RMIT Design Hub, Melbourne © 2013


Womb To Tomb is a series of modular site-specific sound installations involving a spatial distribution of multiple drum kit parts. The kits are disassembled into discrete components and generate sound by 'performing themselves' with the aid of small hidden motors. The kits are divided into 4 'zones' - (i) cymbals/hi-hats, (ii) snares, (iii) rack-toms, and (iv) floor-toms/bass-drums. These groupings are are located in 4 separate spaces. The audience moves through the 4 spaces, experiencing a tonal wash of each frequency group - highs, mids and lows. Each version of the installation series is a response to the acoustic environment within which the drum kits are installed.

The intended sensation is for the audience to be in front of a 'musical performance' but which clearly is being automated. The fast pulsing of the motorised mallets on multiple drum parts creates a randomised yet distinctive series of overloaded textures: the cymbals recall foaming ocean waves and sizzling fry pans; the snares and toms mimic a swarm of busking drummers gone mad; and the bass drums evoke ominous thunder rolls.

The first version of Womb To Tomb is commissioned for Liquid Architecture 14: Sonic City. The drum kits have been installed along a wide 50 metre corridor in the RMIT Design Hub. This version of Womb To Tomb attenuates the mechanised drumming into soft tonal washes so as to match the ambient city noise discernible through the large windows which line the 8th floor corridor and grant the visitor a panoramic vista of the north end of Melbourne CBD.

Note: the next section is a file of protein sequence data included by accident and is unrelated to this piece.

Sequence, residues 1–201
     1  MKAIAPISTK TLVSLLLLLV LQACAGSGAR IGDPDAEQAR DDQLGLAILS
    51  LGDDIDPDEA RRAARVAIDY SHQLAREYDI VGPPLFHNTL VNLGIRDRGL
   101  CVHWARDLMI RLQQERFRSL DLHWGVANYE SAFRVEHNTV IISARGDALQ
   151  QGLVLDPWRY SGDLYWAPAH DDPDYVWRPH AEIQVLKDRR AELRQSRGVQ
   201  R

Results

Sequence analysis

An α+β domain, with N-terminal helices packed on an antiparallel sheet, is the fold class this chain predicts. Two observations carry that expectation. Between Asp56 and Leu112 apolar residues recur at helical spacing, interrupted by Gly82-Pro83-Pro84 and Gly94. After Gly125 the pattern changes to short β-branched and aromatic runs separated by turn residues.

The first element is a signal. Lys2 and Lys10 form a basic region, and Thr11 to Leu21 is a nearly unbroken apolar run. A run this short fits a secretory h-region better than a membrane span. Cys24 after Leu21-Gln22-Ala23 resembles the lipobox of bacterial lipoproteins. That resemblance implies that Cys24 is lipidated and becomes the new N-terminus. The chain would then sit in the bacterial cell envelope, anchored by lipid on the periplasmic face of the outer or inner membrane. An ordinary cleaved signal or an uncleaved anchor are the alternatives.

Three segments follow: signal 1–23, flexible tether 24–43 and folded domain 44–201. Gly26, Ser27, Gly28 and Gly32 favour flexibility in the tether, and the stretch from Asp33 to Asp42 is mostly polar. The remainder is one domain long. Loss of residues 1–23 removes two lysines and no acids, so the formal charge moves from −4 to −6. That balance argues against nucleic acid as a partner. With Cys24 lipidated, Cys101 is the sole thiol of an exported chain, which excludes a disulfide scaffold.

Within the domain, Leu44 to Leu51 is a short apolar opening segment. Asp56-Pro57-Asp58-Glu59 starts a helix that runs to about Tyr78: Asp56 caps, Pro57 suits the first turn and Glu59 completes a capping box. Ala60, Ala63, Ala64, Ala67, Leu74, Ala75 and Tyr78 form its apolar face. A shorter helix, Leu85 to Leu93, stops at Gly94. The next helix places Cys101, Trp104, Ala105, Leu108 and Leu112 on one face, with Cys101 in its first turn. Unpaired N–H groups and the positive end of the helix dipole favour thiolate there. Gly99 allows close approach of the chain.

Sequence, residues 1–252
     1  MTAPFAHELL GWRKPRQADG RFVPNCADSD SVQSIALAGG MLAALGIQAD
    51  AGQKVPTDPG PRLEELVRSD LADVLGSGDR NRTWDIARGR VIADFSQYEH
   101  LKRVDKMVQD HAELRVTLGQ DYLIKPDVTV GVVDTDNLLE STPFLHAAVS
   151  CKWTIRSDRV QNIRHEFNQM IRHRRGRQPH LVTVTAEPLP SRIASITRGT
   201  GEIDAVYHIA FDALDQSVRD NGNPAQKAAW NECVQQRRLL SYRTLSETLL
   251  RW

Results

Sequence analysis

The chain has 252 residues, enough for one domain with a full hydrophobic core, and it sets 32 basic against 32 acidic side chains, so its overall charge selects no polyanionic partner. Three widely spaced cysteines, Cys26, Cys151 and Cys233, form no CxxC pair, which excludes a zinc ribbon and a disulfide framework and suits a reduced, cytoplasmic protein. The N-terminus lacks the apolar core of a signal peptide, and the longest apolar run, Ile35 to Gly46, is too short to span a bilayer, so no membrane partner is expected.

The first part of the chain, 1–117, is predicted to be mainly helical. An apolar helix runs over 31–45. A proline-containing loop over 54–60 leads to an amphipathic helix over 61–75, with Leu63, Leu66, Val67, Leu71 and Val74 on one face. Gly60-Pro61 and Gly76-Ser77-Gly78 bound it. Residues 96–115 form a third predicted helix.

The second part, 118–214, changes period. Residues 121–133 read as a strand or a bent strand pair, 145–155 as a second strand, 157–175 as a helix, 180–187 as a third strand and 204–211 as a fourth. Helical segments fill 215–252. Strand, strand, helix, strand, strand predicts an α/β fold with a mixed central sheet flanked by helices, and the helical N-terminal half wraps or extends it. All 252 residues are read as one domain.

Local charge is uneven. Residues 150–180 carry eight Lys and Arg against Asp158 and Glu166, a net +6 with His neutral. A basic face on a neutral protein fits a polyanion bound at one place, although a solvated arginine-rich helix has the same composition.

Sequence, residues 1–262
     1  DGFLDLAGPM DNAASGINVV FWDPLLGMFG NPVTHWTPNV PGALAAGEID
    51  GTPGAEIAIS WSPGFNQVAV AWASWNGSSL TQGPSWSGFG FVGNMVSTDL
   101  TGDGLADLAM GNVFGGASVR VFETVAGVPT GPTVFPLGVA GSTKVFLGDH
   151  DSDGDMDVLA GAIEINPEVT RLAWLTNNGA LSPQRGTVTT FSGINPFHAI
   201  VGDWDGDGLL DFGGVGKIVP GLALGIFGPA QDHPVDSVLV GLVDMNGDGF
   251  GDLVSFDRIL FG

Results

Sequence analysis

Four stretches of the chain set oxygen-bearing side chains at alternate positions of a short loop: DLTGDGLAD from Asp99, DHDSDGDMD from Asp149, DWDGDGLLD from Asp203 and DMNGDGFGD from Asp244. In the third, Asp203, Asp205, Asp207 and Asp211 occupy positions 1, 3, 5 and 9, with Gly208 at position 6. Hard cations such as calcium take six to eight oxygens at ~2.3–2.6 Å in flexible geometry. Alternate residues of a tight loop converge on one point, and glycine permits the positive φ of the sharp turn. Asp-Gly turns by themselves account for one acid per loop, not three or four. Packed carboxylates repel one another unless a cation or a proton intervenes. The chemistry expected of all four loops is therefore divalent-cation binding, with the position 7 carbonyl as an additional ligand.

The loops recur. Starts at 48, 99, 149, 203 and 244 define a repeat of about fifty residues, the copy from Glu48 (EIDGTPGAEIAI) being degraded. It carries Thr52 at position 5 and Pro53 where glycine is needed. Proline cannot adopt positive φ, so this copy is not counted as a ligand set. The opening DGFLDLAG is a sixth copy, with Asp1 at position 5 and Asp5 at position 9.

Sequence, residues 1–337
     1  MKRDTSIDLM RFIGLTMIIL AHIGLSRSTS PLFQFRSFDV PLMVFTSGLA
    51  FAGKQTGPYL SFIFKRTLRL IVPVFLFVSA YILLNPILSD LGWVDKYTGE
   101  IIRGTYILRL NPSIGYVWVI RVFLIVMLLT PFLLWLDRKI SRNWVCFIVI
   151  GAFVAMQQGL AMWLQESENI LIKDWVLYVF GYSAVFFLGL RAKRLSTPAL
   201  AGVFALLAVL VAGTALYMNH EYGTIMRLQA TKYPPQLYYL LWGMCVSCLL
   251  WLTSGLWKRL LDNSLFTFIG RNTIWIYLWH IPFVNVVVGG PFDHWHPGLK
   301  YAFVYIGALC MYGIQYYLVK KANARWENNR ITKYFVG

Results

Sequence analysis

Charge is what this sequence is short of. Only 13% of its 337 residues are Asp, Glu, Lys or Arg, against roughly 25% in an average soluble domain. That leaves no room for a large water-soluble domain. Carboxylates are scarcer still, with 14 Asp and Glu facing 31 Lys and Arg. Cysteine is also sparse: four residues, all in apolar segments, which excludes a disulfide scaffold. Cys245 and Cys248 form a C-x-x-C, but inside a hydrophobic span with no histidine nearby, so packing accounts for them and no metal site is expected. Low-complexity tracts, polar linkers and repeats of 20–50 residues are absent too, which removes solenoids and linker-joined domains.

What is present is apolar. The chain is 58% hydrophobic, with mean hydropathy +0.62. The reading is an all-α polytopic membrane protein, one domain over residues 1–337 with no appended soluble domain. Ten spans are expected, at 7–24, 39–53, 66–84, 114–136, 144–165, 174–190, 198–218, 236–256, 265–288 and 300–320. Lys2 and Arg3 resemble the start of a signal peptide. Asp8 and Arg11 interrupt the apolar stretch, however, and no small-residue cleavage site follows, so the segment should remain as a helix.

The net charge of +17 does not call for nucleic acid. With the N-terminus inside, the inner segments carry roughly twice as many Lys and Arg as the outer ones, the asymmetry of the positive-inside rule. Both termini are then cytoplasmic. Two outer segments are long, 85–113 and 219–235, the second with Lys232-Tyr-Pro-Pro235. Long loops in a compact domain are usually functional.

Concept, design & installation - Philip Brophy
Engineering advice: Anthony Kitchener
Assistance - Dave Brown, Rebecca Manger
Liquid Architecture curators - Philip Samartzis, Kristen Sharp
Interns - Darius Kedros, Vincent Dwyer



RMIT Design Hub, Melbourne © 2013


Womb To Tomb employs drums as a means of generating 'noise' within a public space. Not only are drums and cymbals 'impure' and 'overloaded' in their pitch and tonality as compared to other instruments, but the drum kit is essentially an amalgamated machine for generating a broader frequency specturm that most other instruments (from the rumbling bass drum to the hissing cymbals). Across centuries of ritualistic and militaristic application, drums have been shaped to regiment time, synchronise movement, impact human behaviour and assault sensory consciousness. Maybe more than any other instrument, drums belie this duality of design as musical instruments and 'extra-musical' instruments. In this sense, drum kits are ultimately 'noise makers' in the tradition of the the Italian Futurist Marionetti's Minotaur.

Womb To Tomb repurposes the drum kit with this in mind, and is interested in applying its 'extra-musical' power and 'noise-making' energy within a sound-art installation. To this end, the drum kit is used as a 'noise maker' to reflect or enact how sound and noise defines a typical cityscape. The title Womb To Tomb reflects the elemental reincarnative aspects of how sound moves through the body, how we experience sound throughout our lives, and how the city's life-span also bears a similar trajectory, which in turn is reflected in the ebbs and flows and frequency changes in its soundscape.